"As far as my performance goes, I think it's gradually getting better," Tanaka said through an interpreter. "It's not really a regular-season-game atmosphere, so it's a little bit hard for me to get myself up to there. But I do feel good."
Tanaka has not pitched in a big league game since July 8, when he was removed from his worst start of the season in Cleveland and was diagnosed with a partially torn ulnar collateral ligament. He was reluctant to declare himself ready to pitch in the Majors.
"It's hard to say right now," Tanaka said. "Obviously we'll look and see how I feel tomorrow. ... For myself, I do feel that I'm getting closer to game-ready."
Tanaka's outing was watched closely by manager Joe Girardi and pitching coach Larry Rothschild, among others. Girardi said that he thought the ball was coming out of Tanaka's hand well and that it is "very possible" Tanaka could be ready to start in the big leagues.
"We're going to have to get to a point where he's in a real game and there's normal preparation, and there's people in the stands and his adrenaline is flowing," Girardi said. "But I was pleased."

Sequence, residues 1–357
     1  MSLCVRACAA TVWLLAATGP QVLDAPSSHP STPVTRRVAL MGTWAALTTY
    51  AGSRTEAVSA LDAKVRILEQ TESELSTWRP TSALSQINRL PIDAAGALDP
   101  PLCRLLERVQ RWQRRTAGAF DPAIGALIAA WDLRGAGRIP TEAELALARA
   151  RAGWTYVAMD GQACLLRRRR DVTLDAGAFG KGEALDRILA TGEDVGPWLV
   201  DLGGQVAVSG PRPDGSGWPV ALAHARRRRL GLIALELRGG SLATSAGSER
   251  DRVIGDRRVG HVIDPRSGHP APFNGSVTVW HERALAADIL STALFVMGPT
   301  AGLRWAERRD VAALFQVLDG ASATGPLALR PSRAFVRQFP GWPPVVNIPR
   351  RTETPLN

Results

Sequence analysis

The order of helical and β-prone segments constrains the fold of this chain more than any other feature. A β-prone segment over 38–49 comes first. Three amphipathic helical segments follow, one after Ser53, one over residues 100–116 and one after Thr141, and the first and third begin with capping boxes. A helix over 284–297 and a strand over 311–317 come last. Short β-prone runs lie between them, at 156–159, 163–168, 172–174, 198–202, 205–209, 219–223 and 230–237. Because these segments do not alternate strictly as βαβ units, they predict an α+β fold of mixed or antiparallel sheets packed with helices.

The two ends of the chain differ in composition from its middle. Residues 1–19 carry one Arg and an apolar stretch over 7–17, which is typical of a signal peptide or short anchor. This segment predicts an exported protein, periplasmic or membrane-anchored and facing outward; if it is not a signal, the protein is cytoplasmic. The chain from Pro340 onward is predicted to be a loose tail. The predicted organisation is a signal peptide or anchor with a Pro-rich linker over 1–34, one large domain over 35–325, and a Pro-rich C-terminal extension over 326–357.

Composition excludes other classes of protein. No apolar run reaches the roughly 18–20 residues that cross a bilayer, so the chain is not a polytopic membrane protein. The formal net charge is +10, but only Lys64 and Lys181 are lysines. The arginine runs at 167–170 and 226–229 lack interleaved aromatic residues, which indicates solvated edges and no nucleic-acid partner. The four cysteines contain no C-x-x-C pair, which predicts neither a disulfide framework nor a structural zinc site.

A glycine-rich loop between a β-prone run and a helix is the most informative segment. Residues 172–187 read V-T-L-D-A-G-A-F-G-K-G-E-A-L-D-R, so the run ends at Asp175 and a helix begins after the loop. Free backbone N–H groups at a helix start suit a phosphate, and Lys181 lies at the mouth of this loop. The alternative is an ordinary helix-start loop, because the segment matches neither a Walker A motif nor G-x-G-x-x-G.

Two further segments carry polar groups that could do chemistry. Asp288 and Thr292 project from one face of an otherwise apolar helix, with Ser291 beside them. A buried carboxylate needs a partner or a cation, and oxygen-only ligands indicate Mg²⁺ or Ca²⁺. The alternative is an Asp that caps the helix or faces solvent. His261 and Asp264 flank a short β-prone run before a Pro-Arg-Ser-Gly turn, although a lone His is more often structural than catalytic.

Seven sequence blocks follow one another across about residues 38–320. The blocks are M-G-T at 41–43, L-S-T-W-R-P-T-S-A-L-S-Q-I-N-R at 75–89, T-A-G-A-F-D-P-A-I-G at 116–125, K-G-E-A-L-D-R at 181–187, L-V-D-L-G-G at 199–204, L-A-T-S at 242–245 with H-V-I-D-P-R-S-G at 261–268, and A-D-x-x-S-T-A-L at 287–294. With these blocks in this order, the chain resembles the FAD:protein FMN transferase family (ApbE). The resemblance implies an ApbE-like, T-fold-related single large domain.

"I thought he was good," Rothschild said. "I said all along, if he comes out of it healthy, it's good. You could see he really tested it to make sure that he could throw the ball the way he wants, and he threw the ball pretty well."
Tanaka gave up two hits in the first inning, but got out of it on a double play. He opened an 18-pitch second inning with a strikeout before allowing two hits, one of them a weak bloop single to center field.
The 25-year-old picked up a strikeout and gave up another hit in the third, recording the other two outs on a weak popup and a hard-hit fly ball to left.
Tanaka finished the fourth inning at 56 pitches and came back out with a 1-2-3 fifth inning to reach his 65-pitch limit. He said afterward his fastball was clocked at a maximum of 92 mph.
"It's been a while since he's been able to get out there and throw to that extent and with that much force," Rothschild said. "As the game went on, you could see the last inning he was dialed up and threw the ball the way that we've seen him throw it this year."
Girardi said that after so much professional success, both in Japan and in the Majors, it may have been difficult for Tanaka to summon the same intensity early in the outing. That could be one explanation for his strong finish.
"I think he just turned it up a notch," Girardi said. "It's a simulated game and as much as you want to simulate that feeling that you get inside as a player, it's not the same.
"... So you do your best and that's why I don't get too caught up in the results. I get caught up in velocity and how he feels and how the ball is coming out. That's what helps you make your decision."